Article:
Women earn more than half of the Ph.D. degrees in the biological sciences, but they account for fewer than one-quarter of tenured faculty. The disparity is equally pronounced among African American and Latino scientists, with many leaving academia for industry. Would $1.4 million, doled out over eight years, be enough to persuade them otherwise?
Unexplained weight loss. Constipation. And periodically — yikes — a bit of blood in the toilet. Were these signs that I had colon cancer? The symptoms started earlier this year, a few months before my 50th birthday. Like so many of the worried well, I turned to the internet, and sure enough, several reputable sites seemed to indicate that I had reason for concern. Then I saw the news that colon cancer, though declining in older people, was on the rise in those aged 40 to 49.
Orthopedic surgeons should dissociate themselves from football at all levels of the sport rather than enabling an activity that carries a risk of brain injury, according to an editorial by senior editors of a Philadelphia-based orthopedics journal. No team sponsorships, such as the marketing arrangement that the Rothman Institute and Thomas Jefferson University have with the Eagles. No standing on the sidelines. No performing sports physicals for high school and college players.
Muck Rack makes it simple to find people, tweets, or articles that mention any name, keyword, company, hashtag etc. We've compiled this guide to help you make the most of your search.
Selecting a term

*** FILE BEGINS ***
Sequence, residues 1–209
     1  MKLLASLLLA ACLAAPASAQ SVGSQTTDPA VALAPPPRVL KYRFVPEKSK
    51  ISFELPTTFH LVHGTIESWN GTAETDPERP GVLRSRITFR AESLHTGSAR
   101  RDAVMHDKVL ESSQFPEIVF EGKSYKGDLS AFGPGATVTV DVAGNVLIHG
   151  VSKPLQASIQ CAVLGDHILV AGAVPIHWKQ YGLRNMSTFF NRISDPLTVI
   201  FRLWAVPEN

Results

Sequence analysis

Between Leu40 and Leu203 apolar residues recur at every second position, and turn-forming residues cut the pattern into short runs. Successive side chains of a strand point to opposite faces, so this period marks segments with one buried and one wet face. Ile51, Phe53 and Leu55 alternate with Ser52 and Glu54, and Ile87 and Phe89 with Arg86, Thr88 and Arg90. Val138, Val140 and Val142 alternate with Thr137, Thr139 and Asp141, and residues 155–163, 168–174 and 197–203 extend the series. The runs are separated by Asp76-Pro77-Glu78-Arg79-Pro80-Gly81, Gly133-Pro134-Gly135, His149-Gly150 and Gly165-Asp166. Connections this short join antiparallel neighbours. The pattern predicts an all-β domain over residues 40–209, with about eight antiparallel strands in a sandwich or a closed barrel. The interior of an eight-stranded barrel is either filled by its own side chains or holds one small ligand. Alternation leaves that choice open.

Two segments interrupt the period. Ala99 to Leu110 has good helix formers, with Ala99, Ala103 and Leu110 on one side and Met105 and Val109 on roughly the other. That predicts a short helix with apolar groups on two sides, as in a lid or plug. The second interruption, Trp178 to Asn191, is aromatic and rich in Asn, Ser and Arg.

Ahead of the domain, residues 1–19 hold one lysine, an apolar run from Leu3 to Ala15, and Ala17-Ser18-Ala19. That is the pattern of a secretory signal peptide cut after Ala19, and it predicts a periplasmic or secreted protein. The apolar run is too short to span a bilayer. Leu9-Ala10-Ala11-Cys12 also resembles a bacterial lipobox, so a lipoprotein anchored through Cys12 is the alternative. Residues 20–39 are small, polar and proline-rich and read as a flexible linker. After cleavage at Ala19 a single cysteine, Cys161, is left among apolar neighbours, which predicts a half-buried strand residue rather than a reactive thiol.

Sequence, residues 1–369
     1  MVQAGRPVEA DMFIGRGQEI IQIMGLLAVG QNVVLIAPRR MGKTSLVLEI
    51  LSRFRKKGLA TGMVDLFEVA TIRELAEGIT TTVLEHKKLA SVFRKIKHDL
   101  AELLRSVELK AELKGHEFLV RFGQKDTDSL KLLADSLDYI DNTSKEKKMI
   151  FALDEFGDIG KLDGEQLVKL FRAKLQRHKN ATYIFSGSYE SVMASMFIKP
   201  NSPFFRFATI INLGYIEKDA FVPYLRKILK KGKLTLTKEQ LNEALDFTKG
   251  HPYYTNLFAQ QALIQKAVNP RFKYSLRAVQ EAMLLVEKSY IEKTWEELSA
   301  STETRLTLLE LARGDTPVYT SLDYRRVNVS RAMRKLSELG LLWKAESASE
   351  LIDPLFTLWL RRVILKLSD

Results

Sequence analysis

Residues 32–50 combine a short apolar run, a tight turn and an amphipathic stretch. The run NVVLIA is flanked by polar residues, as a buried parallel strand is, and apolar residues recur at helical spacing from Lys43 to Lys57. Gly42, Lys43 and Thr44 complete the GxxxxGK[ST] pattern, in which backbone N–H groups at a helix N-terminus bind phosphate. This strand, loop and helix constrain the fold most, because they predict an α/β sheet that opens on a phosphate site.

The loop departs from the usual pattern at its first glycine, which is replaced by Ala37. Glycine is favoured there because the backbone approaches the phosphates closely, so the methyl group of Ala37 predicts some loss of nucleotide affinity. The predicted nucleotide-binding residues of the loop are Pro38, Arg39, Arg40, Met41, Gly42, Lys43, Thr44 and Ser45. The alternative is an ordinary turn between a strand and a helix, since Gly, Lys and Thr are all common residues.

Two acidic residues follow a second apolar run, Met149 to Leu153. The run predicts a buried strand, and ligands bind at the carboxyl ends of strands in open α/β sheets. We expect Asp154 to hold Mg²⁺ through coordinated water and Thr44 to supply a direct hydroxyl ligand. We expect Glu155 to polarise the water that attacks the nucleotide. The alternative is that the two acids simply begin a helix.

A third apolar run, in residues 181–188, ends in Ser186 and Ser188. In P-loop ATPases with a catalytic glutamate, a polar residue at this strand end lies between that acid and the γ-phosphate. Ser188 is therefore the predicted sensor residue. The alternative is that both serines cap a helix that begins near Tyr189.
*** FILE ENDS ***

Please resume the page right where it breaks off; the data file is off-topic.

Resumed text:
Start searching tweets, articles from media outlets, articles mentioned in tweets, journalists'
names, titles and bios with some suggested searches:
Companies or Topics (e.g. iPhone, Microsoft)
Phrases (e.g. "cloud computing") — use quotes to keep the terms together
Twitter handles (e.g. @username) — returns those who have mentioned or replied to
Names (e.g. "David Pogue")
Hashtags (e.g. #sxsw, #london2012)
Bio details (e.g. vegan, Olympics, father)
Muck Rack's Advanced Search allows for many boolean operators.
Find results that mention multiple specified terms, use AND or
+. For example, ensure each result contains both Elon Musk and Mark Zuckerberg by
searching Obama AND Romney or Obama + Romney.
Use the operators OR or , to broaden your search when you'd like either of
multiple terms to appear in results. (This is the default behavior of our search when no operators
are used.) For example, search for democrat OR republican to find results that refer to
Democrats and/or Republicans.
Use NOT or - to subtract results from your search. For
example, searching Disney will yield results about the Walt Disney Company as well as Walt Disney
World Resort. To exclude mentions of Disney World, search for Disney -World or Disney
When using one of these operators with a phrase, enclose it in quotation marks. For example, you can
find results about smartphones excluding Apple's iPhone 4S by searching smartphone -"iPhone
Exact case matching or punctuation
If you're searching for a brand name or keyword that relies on specific punctuation marks or capitalization, you can
find results that match your exact query by adding matchcase: before the keyword you're searching for, like matchcase:E*TRADE .
Use parentheses to separate multiple
boolean phrases. For example, to find journalists talking about having fun in Disney World or
Disneyland, search for ("disney world" OR disneyland) AND fun.
An asterisk can be used to search for any variation of a root word truncated by the asterisk. For example, searching for admin* will return results for administrator, administration, administer, administered, etc.
A near operator is an AND operator where you can control the distance between the words. You can vary the distance the near operation uses by adding a forward slash and number (between 0-99) such as strawberries NEAR/10 "whipped cream", which means the strawberries must exist within 10 words of "whipped cream".